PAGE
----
>
> Here is an example:
>
>         TAP version 13
>         1..1
>         # selftests: cpufreq: main.sh
>         # pid 8101's current affinity mask: fff
>         # pid 8101's new affinity mask: 1
>         ok 1 selftests: cpufreq: main.sh
>
> The output version line is: "TAP version 13"
>
> The test plan is "1..1".
>
> Element details
> ===============
>
> Output version line
> -------------------
> The output version line is always "TAP version 13".
>
> Although the kernel test result format has some additions
> to the TAP13 format, the version line reported by kselftest tests
> is (currently) always the exact string "TAP version 13"
>
> This is always the first line of test output.

KUnit is currently outputting "TAP version 14", as we were hoping some
of our changes would get into the TAP14 spec. (Any comments, Brendan?)
Maybe this should end up saying "KTAP version 1" or something?

> Test plan line
> --------------
> The test plan indicates the number of individual test cases intended to
> be executed by the test. It always starts with "1.." and is followed
> by the number of tests cases.  In the example above, 1..1", indicates
> that this test reports only 1 test case.
>
> The test plan line can be placed in two locations:
>  * the second line of test output, when the number of test cases is known
>    in advance
>  * as the last line of test output, when the number of test cases is not
>    known in advance.
>
> Most often, the number of test cases is known in advance, and the test plan
> line appears as the second line of test output, immediately following
> the output version line.  The number of test cases might not be known
> in advance if the number of tests is calculated from runtime data.
> In this case, the test plan line is emitted as the last line of test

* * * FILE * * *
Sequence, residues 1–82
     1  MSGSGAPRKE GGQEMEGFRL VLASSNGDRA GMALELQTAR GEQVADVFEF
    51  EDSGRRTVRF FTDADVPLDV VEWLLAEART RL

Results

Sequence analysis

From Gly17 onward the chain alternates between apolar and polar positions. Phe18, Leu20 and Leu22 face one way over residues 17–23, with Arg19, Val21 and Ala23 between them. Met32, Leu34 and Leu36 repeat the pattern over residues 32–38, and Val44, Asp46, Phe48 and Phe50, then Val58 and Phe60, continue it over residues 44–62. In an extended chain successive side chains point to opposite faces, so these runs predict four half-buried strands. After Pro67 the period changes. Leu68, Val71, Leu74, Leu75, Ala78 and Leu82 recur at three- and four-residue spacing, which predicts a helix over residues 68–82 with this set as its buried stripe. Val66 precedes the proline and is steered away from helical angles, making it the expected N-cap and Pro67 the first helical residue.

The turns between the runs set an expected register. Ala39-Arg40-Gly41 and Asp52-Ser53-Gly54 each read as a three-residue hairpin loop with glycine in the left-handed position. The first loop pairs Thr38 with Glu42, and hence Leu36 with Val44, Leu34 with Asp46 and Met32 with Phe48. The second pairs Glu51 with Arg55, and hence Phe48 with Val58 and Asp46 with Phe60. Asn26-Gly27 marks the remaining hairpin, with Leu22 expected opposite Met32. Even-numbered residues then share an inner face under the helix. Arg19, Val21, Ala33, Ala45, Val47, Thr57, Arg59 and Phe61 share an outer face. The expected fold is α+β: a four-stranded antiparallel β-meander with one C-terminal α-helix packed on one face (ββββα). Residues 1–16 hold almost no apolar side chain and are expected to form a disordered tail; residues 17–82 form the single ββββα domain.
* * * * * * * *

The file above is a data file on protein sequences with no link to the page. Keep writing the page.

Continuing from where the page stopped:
> output.

KUnit is currently including the test plan line only for subtests, as
the current version doesn't actually know how many test suites will
run in advance.
This is something there's work underway to fix, though.

> Test result lines
> -----------------
> The test output consists of one or more test result lines that indicate
> the actual results for the test.  These have the format:
>
>   <result> <number> <description> [<directive>] [<diagnostic data>]
>
> The ''result'' must appear at the start of a line (except for when a
> test is nested, see below), and must consist of one of the following
> two phrases:
>   * ok
>   * not ok
>
> If the test passed, then the result is reported as "ok".  If the test
> failed, then the result is reported as "not ok".  These must be in
> lower case, exactly as shown.
>
> The ''number'' in the test result line represents the number of the
> test case being performed by the test program.  This is often used by
> test harnesses as a unique identifier for each test case.  The test
> number is a base-10 number, starting with 1.  It should increase by
> one for each new test result line emitted.  If possible the number
> for a test case should be kept the same over the lifetime of the test.
>
> The ''description'' is a short description of the test case.
> This can be any string of words, but should avoid using colons (':')
> except as part of a fully qualifed test case name (see below).
>
> Finally, it is possible to use a test directive to indicate another
> possible outcome for a test: that it was skipped.  To report that
> a test case was skipped, the result line should start with the
> result "not ok", and the directive "# SKIP" should be placed after
> the test description. (Note that this deviates from the TAP13